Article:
While the $85 billion in automatic cuts that will affect the federal budget are in pace as part of the ongoing sequester, a little-known ripple effect of those cuts include planned demonstrations by the Air Force's Thunderbirds and the Navy's Blue Angels, according to officials.
Though the Blue Angels are scheduled to perform in multiple shows over the next six months, those performances will likely be cancelled in more than two dozen shows scheduled across the
as part of
budgeting issues, said a spokesperson. The Blue Angel shows first slated for cancellation
include those in April, in Florida, Georgia, South Carolina and Texas. The Blue
Angel shows slated for May in U.S. North Carolina,
and for June in
have been canceled. Other shows later in the season are being considered in the
light of looming budget cuts. The shows
for the 2013 season for the Thunderbirds have all been canceled, according to a
statement released by the Air Force. In fact, all public—facing aviation
support has been halted, including trade shows, flyovers, open houses and air
shows. The aviation efforts are part of a comprehensive marketing effort to
engage the public with the ongoing technological efforts and innovations helmed
by the Air Force. Indiana
More concerning are the cuts the Department of Defense has stated will threaten aircraft and ship maintenance, limit training efforts and force the majority of the 800,000 civilian employees at the Pentagon to take unpaid leave for 22 days.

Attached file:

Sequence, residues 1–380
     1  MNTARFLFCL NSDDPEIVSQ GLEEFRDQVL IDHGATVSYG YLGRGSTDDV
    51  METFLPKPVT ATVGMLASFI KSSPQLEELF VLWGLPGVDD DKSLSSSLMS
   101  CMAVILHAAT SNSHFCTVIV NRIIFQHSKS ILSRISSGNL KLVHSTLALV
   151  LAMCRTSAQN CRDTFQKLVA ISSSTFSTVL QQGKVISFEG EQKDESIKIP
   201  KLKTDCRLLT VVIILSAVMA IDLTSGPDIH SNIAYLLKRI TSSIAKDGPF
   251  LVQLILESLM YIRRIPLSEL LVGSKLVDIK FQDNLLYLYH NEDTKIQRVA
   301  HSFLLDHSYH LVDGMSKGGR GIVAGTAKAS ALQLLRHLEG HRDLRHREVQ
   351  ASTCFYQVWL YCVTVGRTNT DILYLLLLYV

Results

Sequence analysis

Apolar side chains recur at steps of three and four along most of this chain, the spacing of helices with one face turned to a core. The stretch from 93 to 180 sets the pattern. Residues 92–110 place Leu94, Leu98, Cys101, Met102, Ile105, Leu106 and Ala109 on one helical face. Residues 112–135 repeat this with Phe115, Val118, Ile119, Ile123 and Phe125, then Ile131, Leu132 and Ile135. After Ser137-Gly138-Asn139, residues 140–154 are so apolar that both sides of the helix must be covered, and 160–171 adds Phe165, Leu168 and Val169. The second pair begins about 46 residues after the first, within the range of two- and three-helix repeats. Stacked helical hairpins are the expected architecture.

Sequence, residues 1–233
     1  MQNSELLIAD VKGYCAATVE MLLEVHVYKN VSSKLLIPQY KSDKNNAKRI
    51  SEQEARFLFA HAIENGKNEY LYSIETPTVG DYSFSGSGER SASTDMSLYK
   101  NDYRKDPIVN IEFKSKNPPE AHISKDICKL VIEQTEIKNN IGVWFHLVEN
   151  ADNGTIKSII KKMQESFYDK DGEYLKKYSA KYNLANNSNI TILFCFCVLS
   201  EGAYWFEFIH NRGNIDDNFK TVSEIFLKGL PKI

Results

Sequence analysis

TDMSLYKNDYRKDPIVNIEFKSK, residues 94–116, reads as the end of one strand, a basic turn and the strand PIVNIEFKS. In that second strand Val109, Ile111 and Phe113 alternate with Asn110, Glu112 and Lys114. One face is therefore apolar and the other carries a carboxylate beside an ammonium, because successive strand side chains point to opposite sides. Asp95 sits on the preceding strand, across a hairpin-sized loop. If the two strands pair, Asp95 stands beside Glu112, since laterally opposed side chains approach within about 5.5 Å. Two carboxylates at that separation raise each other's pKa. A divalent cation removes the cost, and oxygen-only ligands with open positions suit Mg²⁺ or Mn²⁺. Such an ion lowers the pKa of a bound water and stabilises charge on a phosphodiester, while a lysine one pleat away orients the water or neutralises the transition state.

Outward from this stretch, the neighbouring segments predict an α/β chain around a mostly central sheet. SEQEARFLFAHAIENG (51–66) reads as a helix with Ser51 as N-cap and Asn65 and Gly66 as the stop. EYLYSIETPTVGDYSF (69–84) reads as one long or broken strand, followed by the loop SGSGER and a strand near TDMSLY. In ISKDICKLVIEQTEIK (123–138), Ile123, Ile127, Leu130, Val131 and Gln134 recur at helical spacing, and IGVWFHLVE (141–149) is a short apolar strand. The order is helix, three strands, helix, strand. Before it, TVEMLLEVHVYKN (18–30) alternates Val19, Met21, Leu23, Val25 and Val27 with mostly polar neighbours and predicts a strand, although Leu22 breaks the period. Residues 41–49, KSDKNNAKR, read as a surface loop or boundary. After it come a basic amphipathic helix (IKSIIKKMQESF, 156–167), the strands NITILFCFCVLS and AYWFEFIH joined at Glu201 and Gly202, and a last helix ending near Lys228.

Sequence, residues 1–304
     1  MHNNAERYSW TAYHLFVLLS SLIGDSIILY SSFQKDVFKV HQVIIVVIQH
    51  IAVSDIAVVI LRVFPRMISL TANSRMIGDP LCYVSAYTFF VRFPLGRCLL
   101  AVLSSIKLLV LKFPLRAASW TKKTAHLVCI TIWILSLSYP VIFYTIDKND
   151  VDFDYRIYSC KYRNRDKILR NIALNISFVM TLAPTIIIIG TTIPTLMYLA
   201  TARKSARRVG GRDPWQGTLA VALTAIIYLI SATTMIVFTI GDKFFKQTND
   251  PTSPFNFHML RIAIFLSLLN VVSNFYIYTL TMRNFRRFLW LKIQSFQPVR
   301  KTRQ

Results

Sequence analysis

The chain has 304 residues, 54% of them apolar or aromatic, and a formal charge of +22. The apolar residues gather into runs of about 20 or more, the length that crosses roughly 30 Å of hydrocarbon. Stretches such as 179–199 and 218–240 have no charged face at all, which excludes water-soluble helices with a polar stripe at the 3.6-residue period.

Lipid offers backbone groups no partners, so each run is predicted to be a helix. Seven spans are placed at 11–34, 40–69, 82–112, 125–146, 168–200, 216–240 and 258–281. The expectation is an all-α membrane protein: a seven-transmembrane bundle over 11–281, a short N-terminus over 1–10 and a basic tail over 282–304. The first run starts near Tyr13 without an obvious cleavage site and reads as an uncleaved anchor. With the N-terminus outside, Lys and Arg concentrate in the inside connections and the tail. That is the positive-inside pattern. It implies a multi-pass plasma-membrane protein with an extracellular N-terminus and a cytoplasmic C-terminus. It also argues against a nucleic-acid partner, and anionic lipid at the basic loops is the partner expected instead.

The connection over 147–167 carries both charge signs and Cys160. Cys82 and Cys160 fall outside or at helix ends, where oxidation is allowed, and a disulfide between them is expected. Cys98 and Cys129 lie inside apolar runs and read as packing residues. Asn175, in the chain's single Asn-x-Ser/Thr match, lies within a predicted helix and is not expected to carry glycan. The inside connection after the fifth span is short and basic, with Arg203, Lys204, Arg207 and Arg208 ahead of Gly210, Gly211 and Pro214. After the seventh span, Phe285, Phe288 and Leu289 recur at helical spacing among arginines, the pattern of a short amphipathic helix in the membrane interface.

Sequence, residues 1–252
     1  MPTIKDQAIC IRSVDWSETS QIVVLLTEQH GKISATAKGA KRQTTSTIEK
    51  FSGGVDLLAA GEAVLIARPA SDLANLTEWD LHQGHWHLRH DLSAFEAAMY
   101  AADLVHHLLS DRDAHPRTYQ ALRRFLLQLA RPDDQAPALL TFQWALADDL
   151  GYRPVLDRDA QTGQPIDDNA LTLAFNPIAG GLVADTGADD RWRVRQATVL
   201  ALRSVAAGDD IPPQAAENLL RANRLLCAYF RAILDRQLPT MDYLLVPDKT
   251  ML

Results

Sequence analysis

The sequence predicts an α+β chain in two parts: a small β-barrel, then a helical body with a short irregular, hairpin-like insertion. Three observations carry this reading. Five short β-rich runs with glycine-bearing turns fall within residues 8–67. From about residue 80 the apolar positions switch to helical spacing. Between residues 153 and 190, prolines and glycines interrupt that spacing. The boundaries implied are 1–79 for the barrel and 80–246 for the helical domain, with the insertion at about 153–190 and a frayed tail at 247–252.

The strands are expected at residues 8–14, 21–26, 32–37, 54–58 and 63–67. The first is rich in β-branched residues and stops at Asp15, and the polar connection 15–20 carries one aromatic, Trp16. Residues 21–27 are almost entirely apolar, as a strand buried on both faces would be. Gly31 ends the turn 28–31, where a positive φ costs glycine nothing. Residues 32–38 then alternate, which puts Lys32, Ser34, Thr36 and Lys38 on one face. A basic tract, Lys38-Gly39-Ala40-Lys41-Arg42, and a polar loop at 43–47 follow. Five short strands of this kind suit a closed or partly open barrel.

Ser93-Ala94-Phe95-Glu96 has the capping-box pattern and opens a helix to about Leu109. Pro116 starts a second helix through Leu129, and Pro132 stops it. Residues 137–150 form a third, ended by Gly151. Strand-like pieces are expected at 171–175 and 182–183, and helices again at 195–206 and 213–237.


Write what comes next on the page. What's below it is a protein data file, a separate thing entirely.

The Navy is considering how a cut in funding would push the Blue Angels projects to the background in order to focus the remaining funds on ensuring maintenance on planes and ships currently deployed.
The news has triggered an online petition to save the Blue Angels for the 2013 season. The Blue Angels are a sentimental favorite for many, and also being in much needed revenue in the towns where they perform. A 2012 study, for example, found that the Pensacola, Florida, Blue Angels show brings in an estimated $2.5 million to the area, in lodging, food, retail and other services.
The Blue Angels began in 1946; the program costs approximately $40 million each year. Cancelling will save close to $28 million, say officials. The Blue Angels team is comprised of 130 people: seven pilots who served in
maintenance crews and others. They will all be reassigned until the budget is